N-Command: defrule ((ruleName NAME) (rule PARSE-TREE)) : PROPOSITION
Define (or redefine) a rule (any axiom) named ruleName. If an axiom with that name already exists, replace it with the new axiom rule.

N-Command: demo (&rest (fileandpause OBJECT)) :
Read logic commands from a file, echo them verbatimly to standard output, and evaluate them just as if they had been typed in interactively. When called with no arguments, present a menu of example demos, otherwise, use the first argument as the name of the file to demo. Pause for user confirmation after each expression has been read but before it is evaluated. Pausing can be turned off by suppling FALSE as the optional second argument, or by typing c at the pause prompt. Typing ? at the pause prompt prints a list of available commands.

N-Command: deny ((proposition PARSE-TREE)) : PROPOSITION
Assert the falsity of proposition. Return the asserted proposition object. KIF example: (deny (happy Fred)) asserts that Fred is not happy, which could have been done equivalently by (assert (not (happy Fred))). Note, that for this to succeed, the logic constant Fred and the relation (or slot) happy must already be defined (see assert).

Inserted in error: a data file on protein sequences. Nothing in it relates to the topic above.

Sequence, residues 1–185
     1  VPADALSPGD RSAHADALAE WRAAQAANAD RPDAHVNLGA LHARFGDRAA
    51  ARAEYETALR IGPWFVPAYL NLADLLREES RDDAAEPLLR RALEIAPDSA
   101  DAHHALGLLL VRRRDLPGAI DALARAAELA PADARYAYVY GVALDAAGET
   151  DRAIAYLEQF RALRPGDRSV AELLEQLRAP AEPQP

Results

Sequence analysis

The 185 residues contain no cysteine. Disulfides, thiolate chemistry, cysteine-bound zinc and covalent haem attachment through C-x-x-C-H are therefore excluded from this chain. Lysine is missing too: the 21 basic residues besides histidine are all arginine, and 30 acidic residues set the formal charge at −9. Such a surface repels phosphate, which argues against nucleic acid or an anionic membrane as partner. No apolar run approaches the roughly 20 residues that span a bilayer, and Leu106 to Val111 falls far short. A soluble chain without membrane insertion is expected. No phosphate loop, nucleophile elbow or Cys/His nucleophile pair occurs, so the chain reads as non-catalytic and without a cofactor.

N-Command: help (&rest (commands SYMBOL)) :
Describe specific commands, or print a list of available commands.

N-Command: in-dialect ((dialect NAME)) : KEYWORD
Change the current logic dialect to dialect. Currently supported dialects are KIF, STELLA, and PREFIX-STELLA. The STELLA dialects are not recommended for the construction of knowledge bases, they are mainly used internally by PowerLoom.

N-Command: in-module ((name NAME)) : MODULE
Change the current module to the module named name.

Command: load ((file STRING)) :
Read logic commands from file and evaluate them.

Command: print-features () :
Print the currently enabled and available PowerLoom environment features.